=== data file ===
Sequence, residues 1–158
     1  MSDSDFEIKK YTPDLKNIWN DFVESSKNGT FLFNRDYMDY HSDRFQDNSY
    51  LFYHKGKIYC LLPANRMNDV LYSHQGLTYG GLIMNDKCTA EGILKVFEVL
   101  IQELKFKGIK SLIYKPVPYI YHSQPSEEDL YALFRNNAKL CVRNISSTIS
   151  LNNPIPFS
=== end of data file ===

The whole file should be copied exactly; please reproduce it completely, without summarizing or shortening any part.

Sequence, residues 1–158
     1  MSDSDFEIKK YTPDLKNIWN DFVESSKNGT FLFNRDYMDY HSDRFQDNSY
    51  LFYHKGKIYC LLPANRMNDV LYSHQGLTYG GLIMNDKCTA EGILKVFEVL
   101  IQELKFKGIK SLIYKPVPYI YHSQPSEEDL YALFRNNAKL CVRNISSTIS
   151  LNNPIPFS